In his undated nuncupative will, deposed to on 4 June 1658, "Mr. Thomas Dimacke of Barnstable" told "Anthony Annable and John Smith being with him the last summer some small space of time after he ... was taken sick they advised him to set his house in order to which he answered that little that God had given him he would leave to his wife for they were her children as well as his" [MD 14:230, citing PCPR 2:1:75].

Birth: By about 1610 based on estimated date of marriage.
Death: Before 4 June 1658 (probate of will).
Marriage: By 1635 Ann ______ (assuming she was the wife who came to New England with him). (On 7 August 1650, Rev. John Lothrop referred to this immigrant as "my brother Dimmicke" [NEHGR 10:38]. Jacobus argued that the "likeliest solution is that Lothrop's second wife was a sister of Thomas Dimmock" [Granberry 209-10]. According to Otis, "the widow Ann Dimmock was living in October 1683.... She probably died before 1686" [Otis 339]. The evidentiary basis for these statements by Otis has not been found.)

1. Timothy, bp. Barnstable 12 January 1639/40 [NEHGR 9:282]; bur. Barnstable 17 June 1640 "in the lower side of the Calve's Pasture" [NEHGR 9:285].
2. Son (twin), bur. Barnstable 18 March 1640/1 ("Mr. Dimmick his 2 children twins a son and a daughter unbaptized") [NEHGR 9:285].
3. Daughter (twin), bur. Barnstable 18 March 1640/1 [NEHGR 9:285].
4. Mehitable, bp. Barnstable [18] April 1642 [NEHGR 9:282]; m. Watertown 17 April 1662 Richard Child [WaVR 24]. (Bond gives the date of marriage as 30 March 1662 [Bond 153], and he is followed in this by other writers. This is not the date given in the published Watertown vital records. Bond may have been influenced by the date of birth of the eldest child, 30 March 1663 [WaVR 25].)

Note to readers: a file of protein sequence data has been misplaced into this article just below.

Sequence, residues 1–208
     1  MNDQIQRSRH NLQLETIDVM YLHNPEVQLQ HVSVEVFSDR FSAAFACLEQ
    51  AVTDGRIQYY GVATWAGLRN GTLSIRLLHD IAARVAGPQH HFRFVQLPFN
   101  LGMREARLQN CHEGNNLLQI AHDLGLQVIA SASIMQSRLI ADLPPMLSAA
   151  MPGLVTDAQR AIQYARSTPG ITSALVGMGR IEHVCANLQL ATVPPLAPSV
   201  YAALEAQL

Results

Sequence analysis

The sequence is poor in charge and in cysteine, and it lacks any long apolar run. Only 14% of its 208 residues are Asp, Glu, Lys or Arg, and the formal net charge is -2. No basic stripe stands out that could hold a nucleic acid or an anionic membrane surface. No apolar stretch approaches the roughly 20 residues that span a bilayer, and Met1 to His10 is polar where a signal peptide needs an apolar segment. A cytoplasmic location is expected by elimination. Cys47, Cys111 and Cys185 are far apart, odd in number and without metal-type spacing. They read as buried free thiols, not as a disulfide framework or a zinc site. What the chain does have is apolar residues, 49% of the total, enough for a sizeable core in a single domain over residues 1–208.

5. Shubael, bp. Barnstable 15 September 1644 [NEHGR 9:283]; m. Barnstable [blank] April 1653 [sic] Joanna Bursley [MD 4:221], daughter of John Bursley [1623, Weymouth] [GMB 1:282]. (The records for the family of Shubael Dimmock were entered along with those of his sons' families, probably in the 1690s. An annotation in the original says "These records perhaps 10 year too old" [MD 4:221], an error probably made by the Dimmock family member who supplied the data to the town clerk. The marriage evidently took place in 1663.)
6. Susanna, born say 1646; m. by 1668 Robert Shelley (eldest known child born Barnstable 21 January 1668[/9] [MD 12:153]), son of Robert Shelley [1632, Boston] [GMB 3:1662-63]. (The existence of this child was convincingly argued by Edith Bartlett Sumner, on the basis of the names of the children of this couple, and the service of Shubael Dimmock as one of the appraisers of the inventory of Robert Shelley [Hall-Baldwin 169]. We differ with her only in placing Susanna as the youngest child rather than the oldest, based on the dates of birth of her children.)